• "Conceptually, this should mean greater influence over prescribing patterns. To date, in my opinion, it hasn't," one executive said.

Between the lines: As we wrote last year, this spate of consolidation among insurers and PBMs would not have happened unless those companies were pretty sure they could hang on to a lot of the savings they produced.

  • Employers can always switch insurance carriers if they think they are getting overcharged. But they rarely do so, because they don't want the employee backlash that's associated with overhauling health benefits.

Go deeper: Health insurance is as big as Big Tech

3. Pharma's pollution problem

Contaminants from drug manufacturing facilities have been tainting wastewater with dangerously high concentrations, according to an investigation from STAT.

Why it matters: Polluting rivers and lakes with pharmaceutical runoff is not illegal, but can be harmful to wildlife and the environment, Axios' Marisa Fernandez writes.

  • Wastewater treatment plants also don't have the ability to remove pharmaceuticals.

The findings:

  • The U.S. Geological Survey found that discharges from seven treatment plants had "very high levels of some drugs."
  • Downstream from a plant in Morgantown, West Virginia, an anti-seizure medication was measured at nearly 90 times the amount considered safe for wildlife.
  • Hospitals also contribute to drug pollution, releasing antibiotics and cancer drugs into the water.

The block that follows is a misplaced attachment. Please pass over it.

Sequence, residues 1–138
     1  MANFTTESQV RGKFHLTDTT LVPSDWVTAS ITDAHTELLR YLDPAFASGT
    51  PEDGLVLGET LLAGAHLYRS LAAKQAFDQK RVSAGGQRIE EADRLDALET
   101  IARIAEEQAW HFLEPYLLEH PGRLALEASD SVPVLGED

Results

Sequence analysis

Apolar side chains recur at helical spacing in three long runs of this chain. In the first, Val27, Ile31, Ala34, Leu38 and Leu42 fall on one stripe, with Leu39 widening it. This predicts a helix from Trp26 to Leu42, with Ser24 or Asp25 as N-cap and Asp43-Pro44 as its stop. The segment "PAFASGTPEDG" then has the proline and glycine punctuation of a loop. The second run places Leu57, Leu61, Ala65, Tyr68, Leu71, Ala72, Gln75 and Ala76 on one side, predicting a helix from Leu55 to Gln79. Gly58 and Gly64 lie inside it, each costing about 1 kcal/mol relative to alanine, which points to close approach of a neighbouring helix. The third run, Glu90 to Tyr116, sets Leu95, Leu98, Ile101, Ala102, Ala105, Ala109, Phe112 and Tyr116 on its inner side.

4. Partisanship is awfully powerful
Gallup

A new Gallup survey shows that Republicans have gotten a whole lot happier about the cost of health care since President Trump took office, while Democrats' satisfaction has plummeted, Axios' Sam Baker reports.

Our thought bubble, via Sam: There is very little reason for anyone to be satisfied with the cost of health care in the U.S. And that has been true for a very long time.

This chart shows that partisanship colors people’s view of health care costs, with Republicans prone to bigger mood swings than Democrats.

  • The Affordable Care Act did attempt some cost control within Medicare, and it did make insurance more affordable for many people. But those policies, good or bad, have been humming along relatively unchanged while partisan attitudes have changed around them.
  • And, in the big picture, while Democrats' and Republicans' attitudes have been shifting, health care spending has steadily increasing every year  — from about $2.7 trillion in 2011 all the way up to roughly $3.6 trillion last year.
5. Where Americans die

More Americans are dying at home than in hospitals for the first time in more than a half century, according to a new study in the New England Journal of Medicine.

Why it matters: "Americans have long said that they prefer to die at home, not in an institutional setting. Many are horrified by the prospect of expiring under florescent lights, hooked to ventilators, feeding tubes and other devices that only prolong the inevitable," NYT writes.

By the numbers: In 2017, 29.8% of deaths by natural causes occurred in hospitals, and 30.7% were in people's homes.

Go deeper: The looming crisis in long-term care

Caitlin Owens